Is stunting in children under five associated with the state of vegetation in the Democratic Republic of the Congo?
Secondary analysis of Demographic Health Survey data and the satellite-derived leaf area index
- Heliyon |
The prevalence of stunting in the Democratic Republic of the Congo (DRC) is one of the highest globally. However, only a few studies have attempted to measure the association between stunting and vegetation, which is an important food source. The leaf area index (LAI) is an excellent measure for the vegetation state.
This paper intended to measure the association between the LAI and stunting among children under five years of age in the DRC. Its aim was to better understand the boundary conditions of stunting and explore potential links to climate and environmental change.
This paper adopts a secondary data analysis approach. We used data on 5241 children from the DRC Demographic Health Survey (DHS) 2013–2014, which was collected from a nationally representative cross-sectional survey. We used the satellite-derived LAI as a measure for the state of vegetation and created a 10-km buffer to extract each DHS cluster centroid’s corresponding mean leaf-area value. We used a generalised mixed-effect logistic regression to measure the association between LAI and stunting, adjusting the model for mother’s education, occupation and birth interval, as well as child’s age and national wealth quintile. A height-for-age Z-score (HAZ) was calculated and classified according to WHO guidelines.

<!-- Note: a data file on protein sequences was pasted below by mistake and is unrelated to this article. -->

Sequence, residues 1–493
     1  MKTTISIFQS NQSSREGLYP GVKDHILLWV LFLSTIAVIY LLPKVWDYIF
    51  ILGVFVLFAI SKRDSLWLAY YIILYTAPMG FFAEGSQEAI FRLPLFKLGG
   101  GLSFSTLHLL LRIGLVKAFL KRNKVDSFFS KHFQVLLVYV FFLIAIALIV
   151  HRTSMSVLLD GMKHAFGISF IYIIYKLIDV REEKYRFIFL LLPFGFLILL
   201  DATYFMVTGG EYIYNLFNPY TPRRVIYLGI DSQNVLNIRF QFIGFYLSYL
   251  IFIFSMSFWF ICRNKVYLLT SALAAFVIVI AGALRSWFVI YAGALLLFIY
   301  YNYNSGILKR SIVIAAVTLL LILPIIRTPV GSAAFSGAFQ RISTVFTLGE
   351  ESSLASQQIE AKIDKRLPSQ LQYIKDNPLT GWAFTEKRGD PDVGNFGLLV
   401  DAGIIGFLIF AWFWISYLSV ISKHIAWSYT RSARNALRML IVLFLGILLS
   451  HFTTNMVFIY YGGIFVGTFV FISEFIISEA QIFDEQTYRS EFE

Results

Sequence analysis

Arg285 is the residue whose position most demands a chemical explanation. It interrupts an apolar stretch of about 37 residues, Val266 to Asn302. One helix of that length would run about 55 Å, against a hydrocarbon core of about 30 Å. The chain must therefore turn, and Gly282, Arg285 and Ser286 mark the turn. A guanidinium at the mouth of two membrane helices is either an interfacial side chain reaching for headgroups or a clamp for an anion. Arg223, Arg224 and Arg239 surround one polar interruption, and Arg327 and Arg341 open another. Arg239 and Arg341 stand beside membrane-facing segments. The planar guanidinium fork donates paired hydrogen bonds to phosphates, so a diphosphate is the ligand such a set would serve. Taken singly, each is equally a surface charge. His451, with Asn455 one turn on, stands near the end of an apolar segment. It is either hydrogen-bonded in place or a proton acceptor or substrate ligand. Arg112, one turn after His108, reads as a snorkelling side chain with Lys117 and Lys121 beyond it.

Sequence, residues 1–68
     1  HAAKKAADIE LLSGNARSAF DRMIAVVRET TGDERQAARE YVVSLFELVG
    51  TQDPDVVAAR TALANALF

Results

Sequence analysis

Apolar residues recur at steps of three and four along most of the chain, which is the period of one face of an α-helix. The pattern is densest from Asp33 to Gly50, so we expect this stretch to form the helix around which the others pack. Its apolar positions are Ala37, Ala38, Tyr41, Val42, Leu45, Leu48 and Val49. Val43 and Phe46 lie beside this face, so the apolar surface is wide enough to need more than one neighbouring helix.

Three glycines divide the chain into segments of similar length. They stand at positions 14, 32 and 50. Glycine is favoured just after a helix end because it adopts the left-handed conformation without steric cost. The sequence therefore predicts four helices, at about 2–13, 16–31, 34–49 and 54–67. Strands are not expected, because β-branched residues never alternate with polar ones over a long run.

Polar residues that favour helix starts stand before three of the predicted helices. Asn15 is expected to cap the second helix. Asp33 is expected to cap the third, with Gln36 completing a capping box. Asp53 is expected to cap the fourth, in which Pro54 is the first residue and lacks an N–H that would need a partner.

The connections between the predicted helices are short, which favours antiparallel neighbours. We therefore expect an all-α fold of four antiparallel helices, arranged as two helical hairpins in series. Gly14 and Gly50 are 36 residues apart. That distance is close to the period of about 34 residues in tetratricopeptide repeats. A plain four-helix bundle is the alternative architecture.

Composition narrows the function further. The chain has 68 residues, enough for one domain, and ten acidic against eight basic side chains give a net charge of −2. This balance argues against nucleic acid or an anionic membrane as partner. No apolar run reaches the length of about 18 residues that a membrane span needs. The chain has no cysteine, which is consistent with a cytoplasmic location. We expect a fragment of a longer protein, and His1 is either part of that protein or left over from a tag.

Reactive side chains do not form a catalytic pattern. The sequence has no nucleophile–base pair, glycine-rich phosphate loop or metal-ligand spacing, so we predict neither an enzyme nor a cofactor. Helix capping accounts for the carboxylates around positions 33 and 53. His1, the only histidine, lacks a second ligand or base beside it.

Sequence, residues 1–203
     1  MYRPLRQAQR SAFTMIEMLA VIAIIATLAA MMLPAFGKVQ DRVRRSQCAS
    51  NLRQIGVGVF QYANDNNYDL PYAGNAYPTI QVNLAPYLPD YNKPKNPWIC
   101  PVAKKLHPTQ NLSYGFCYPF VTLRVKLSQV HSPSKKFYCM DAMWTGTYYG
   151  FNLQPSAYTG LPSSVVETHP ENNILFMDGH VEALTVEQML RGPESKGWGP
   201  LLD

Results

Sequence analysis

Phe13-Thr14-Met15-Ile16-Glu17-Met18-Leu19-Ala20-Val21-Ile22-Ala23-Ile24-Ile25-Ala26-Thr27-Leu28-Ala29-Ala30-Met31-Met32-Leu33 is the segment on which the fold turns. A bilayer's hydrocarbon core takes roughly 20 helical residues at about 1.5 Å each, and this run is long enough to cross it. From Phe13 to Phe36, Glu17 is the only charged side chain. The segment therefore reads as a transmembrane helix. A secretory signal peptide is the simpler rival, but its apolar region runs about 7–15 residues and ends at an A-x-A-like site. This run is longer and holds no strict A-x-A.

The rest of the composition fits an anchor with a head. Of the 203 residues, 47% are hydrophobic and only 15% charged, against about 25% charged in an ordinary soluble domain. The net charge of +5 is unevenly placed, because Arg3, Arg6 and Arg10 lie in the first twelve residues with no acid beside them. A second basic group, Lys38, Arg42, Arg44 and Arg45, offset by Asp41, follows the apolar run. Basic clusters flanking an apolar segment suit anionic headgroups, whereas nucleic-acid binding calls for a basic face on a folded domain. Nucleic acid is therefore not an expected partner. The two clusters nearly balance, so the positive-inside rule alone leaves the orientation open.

Children in communities surrounded by high LAI values have lower odds of being stunted (OR [odds ratio] = 0.63; 95% CI [confidence interval] = 0.47–0.86) than those exposed to low LAI values. The association still holds when the exposure is analysed as a continuous variable (OR = 0.84; 95% CI = 0.74–0.95).
When stratified in rural and urban areas, a significant association was only observed in rural areas (OR = 0.6; 95% CI = 0.39–0.81), but not in urban areas (OR = 0.9; 95% CI = 0.5−0.5). Furthermore, the study showed that these associations were robust to LAI buffer variations under 25 km.
Good vegetation conditions have a protective effect against stunting in children under five years of age. Further advanced study designs are needed to confirm these findings.